If You Had to Donate $2,000 Every Month...

Let me tell you, I'm not a big charity guy. I'm also the most apolitical person you'll run into. I don't watch the news at all. I get my news from Angry Asian Man, but even then, I skip over most of his stuff. Which probably explains why I'm such a happy-go-lucky person.

It's not that I don't care about social issues, but I'm selective as to which issues to be active about and how to be active about them. Otherwise I'd spread myself thin worrying about everything. Asian American issues mean a lot to me, but I focus on self-improvement as the way to enrich our communities. Money runs out, time is limited, but idea viruses spread like, well... viruses!

But if you're blessed with a lot of disposable income to donate $2,000 to a cause every month, then consider donating to the following:

1) The Asian Law Caucus- These guys do a lot of great work for the Asian American community, but unfortunately, they're located in a really sh!tty part of town. Just outside the Tenderloin area of San Francisco, the ALC is in an area with a lot of bums, crazy people and drug addicts. The front of their building, the inside of their lobby and the elevator smells like urine, because there used to be a psychiatric clinic in the building. If any organization needs more money, then the ALC is it, because they need to move out to a better office.






2) The 80-20 Initiative- "80-20 is a national, nonpartisan, Political Action Committee dedicated to winning equal opportunity and justice for all Asian Americans through a SWING bloc vote, ideally directing 80% of our community's votes and money to the presidential candidate endorsed by the 80-20, who better represents the interests of all APAs. Hence, the name '80-20' was created."


3) Produce an Asian American indie film- Let's face it: there ain't too many Asian faces on American TV and in the theatres. And when we do see Asian faces, they don't get much air time, and they don't get choice roles. They're supporting characters in the stories of white people. I have people that I admire and follow of all different ethnicities, but it's nice to follow one who looks like you. It's nice to follow their story, because it parallels your story as an Asian American.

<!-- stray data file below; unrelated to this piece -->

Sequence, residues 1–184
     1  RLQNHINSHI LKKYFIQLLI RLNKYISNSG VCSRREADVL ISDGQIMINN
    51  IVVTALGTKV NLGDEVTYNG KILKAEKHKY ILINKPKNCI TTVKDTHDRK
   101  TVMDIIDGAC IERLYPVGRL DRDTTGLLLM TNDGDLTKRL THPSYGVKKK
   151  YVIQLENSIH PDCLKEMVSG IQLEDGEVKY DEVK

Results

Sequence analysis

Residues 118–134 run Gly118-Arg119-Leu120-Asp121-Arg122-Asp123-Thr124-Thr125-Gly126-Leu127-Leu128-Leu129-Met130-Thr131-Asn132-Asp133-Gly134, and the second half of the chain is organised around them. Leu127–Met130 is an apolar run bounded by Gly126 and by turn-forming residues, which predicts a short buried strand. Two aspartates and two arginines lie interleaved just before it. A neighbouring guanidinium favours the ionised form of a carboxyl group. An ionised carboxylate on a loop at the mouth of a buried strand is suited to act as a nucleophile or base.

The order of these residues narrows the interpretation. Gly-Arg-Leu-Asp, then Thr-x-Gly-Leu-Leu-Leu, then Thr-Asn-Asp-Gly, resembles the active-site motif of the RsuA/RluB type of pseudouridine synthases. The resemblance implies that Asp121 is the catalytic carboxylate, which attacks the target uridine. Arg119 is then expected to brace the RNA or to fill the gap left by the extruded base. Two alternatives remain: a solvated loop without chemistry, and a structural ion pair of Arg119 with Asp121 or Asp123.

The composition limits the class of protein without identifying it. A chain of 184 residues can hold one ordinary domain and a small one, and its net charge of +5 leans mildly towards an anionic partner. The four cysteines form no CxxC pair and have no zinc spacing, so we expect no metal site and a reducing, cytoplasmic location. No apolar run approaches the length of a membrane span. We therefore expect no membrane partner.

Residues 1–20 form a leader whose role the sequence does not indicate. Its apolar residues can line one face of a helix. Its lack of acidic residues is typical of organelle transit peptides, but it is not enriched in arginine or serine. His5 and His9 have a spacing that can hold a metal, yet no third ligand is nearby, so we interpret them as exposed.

If you've got the time and the money, and you want to see more Asian Americans telling entertaining stories, then why not produce an indie film? Seriously, making a short film and showing it to viewers is so much easier and cheaper than ever before. You can shoot your film on a camera and audio equipment bought from Best Buy, edit your film on Movie Maker and then upload it to YouTube. It's so easy and cheap, that you really have no excuse.

The keys problems most people run into are:

a) Stupid ass stories- Finding an entertaining story with good dialog and a tight plot that's devoid of cliches is hard to find and harder to come up with.

b) Flaky ass people- If you have a volunteer crew and actors, then they better be on the same page as you. Otherwise you'll have a lot of flakes. Better to get professionals and pay them.

c) Horrible actors- Some people sound the same no matter what emotion they're trying to convey, so cast appropriately.

d) Marketing- Some people produce great films, but their films never see the light of day. You have to know how to generate buzz about your film, because what's the point of telling a great story if no one is there is listen?


4) Sponsor an Asian American mentorship program- Visualizasian.com had a good interview with Yul Kwon. During the interview, Yul touched upon an interesting concept: mentorships for Asian Americans to break the glass ceiling. People who've risen to the top ranks have had mentors. They've had people to guide them and to help them in their career path. Many Asian American career organizations have this sort of thing. Asian professionals, lawyers, peace officers and journalists all have associations that they can turn to when they need to rely on a social network.

But whereas a social network is a supportive group, a mentor provides that extra individualized guidance. You can always seek guidance on your own from many different mentors of any ethnicity. But a formal Asian American mentorship program, that is not limited to career, is something that the Asian American communities need.


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